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I found a wild baby animal!
Can I keep it?

by Birgit Sommer, May 2010, edited/updated 5/19/2016

A common call received by the Rainbow Wildlife Rescue is, “I have found an abandoned baby or injured wild animal.”

The most common questions asked are, “What do I need to do with it?”, “What can I feed it?” and then the most dreaded question “I love animals so much! It's soooo cute, can I keep it?”

That's where my job gets tough, because the answers are often not the ones people want to hear.

Orphaned Squirrel

THE LAW, UNFAIR?

People that find a wild animal are very excited about it and most of them have no idea that there are laws making it illegal to possess even as much as a tiny hairless squirrel that fell out of the nest. That would be against State law in most US States. It gets even worse when it comes to birds. Migratory birds cross borders which would make it a federal offense to possess one for even one day.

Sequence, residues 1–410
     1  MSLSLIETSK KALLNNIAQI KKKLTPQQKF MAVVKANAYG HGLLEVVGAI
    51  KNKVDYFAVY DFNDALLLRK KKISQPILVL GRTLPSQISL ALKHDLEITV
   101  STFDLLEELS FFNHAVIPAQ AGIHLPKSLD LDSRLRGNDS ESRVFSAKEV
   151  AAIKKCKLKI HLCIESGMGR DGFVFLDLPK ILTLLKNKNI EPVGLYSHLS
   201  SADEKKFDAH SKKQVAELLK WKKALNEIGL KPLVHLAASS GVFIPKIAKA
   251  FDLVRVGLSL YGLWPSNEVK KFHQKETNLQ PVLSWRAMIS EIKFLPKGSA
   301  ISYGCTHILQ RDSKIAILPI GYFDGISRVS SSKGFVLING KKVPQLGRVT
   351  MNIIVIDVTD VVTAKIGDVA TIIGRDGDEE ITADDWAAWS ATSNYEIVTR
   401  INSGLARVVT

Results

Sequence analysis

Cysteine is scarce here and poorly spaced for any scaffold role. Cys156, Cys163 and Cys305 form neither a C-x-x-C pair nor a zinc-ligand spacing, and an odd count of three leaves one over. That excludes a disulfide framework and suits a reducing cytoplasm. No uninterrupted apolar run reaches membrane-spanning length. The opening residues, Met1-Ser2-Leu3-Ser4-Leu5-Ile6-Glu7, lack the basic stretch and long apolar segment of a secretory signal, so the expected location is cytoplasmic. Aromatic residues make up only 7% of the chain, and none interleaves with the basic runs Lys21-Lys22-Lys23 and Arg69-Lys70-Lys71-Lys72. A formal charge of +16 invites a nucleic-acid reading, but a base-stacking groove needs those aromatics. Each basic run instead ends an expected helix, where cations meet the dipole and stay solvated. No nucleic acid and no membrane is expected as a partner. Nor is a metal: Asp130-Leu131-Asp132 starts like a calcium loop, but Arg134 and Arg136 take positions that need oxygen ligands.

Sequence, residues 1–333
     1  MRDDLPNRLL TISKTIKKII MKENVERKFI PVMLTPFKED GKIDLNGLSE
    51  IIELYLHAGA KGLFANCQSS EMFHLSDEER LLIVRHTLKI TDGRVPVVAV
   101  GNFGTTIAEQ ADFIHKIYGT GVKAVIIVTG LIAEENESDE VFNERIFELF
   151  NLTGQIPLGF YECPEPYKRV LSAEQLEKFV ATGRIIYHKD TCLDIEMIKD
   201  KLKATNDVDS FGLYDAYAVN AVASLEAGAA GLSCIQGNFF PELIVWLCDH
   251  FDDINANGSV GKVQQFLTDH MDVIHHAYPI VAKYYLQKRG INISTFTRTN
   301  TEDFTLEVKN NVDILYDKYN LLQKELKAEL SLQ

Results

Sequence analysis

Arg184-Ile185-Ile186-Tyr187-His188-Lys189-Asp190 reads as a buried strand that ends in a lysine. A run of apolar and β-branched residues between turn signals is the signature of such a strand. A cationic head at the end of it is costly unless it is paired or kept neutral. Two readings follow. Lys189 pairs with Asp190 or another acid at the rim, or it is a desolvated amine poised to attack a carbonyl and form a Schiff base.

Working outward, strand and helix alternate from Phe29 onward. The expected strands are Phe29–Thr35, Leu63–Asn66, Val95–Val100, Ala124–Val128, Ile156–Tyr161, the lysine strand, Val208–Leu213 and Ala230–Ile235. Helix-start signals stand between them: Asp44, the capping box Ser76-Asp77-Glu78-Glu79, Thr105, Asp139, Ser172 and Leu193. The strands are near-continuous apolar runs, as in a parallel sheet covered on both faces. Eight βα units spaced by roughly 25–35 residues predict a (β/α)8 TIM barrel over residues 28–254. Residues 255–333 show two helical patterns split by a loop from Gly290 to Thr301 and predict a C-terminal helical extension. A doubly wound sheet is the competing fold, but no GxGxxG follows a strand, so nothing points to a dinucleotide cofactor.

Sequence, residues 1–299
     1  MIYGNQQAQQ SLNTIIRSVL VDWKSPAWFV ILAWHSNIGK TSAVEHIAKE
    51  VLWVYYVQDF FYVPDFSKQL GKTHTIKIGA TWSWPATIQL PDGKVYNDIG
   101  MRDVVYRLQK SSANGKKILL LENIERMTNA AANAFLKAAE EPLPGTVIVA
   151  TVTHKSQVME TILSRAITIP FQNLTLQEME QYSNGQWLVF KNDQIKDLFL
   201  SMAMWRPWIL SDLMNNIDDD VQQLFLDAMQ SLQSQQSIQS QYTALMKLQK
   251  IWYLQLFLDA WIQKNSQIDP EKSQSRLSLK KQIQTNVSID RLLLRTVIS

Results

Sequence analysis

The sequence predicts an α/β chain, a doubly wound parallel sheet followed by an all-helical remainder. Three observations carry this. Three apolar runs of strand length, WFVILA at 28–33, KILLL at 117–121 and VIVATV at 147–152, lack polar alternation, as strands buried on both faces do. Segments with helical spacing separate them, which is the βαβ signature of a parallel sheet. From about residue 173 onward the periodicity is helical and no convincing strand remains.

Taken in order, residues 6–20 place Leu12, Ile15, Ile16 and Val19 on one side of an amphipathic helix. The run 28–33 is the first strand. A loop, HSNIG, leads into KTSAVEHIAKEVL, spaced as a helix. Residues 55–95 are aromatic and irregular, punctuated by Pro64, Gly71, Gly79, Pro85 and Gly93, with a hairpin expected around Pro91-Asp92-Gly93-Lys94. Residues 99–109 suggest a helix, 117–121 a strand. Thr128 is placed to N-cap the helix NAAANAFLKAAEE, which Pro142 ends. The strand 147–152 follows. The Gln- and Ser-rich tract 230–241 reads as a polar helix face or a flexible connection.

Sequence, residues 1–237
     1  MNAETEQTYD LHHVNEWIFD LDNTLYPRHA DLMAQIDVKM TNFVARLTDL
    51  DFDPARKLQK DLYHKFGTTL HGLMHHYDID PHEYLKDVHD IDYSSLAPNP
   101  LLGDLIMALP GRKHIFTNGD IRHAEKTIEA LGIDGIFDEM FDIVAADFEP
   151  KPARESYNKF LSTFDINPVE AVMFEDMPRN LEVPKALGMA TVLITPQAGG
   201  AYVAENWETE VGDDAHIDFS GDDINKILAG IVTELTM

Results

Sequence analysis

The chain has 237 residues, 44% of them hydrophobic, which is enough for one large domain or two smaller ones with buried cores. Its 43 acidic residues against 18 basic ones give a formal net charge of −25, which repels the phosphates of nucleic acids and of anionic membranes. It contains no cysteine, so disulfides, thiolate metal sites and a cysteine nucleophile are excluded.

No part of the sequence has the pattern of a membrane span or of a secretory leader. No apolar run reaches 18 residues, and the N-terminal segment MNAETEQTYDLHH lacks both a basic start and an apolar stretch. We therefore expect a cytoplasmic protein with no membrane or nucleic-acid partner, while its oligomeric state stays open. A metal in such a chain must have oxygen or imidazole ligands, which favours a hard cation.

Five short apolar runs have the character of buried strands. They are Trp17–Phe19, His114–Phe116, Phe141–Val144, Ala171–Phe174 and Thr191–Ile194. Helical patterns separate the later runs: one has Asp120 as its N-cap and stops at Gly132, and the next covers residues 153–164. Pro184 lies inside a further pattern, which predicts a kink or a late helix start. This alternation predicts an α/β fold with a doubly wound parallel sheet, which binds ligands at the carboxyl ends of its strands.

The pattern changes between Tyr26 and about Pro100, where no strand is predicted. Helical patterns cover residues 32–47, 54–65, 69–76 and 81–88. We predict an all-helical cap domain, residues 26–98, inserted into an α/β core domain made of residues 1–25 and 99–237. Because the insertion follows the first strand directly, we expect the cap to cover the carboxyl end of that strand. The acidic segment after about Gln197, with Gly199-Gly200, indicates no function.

On the other hand, it also requires us rehabilitators to work hard on obtaining these permits so we can provide professional care for these animals.

But let's get back to the excited finders of the wildlife in need. Well minded folks typically show the cute baby raccoon or squirrel or baby bird to friends and family and share pictures on Facebook or other social media to figure out to help that critter.

In the meantime they provide the wrong diet and care to an already distressed animal which often has fatal consequences. Another unfortunate outcome occurs when just one of these many people out there seeing your posts and pictures or maybe a neighbor does not agree with what you are doing and calls law enforcement.

orphaned beaver

As a result the illegal animal will most likely be confiscated and with a little luck turned over to a wildlife rehabilitator. If no one is available however or the Game Warden is in a rush, the animal will be euthanized. In addition you will have to pay a hefty fine and end up with an entry in your records.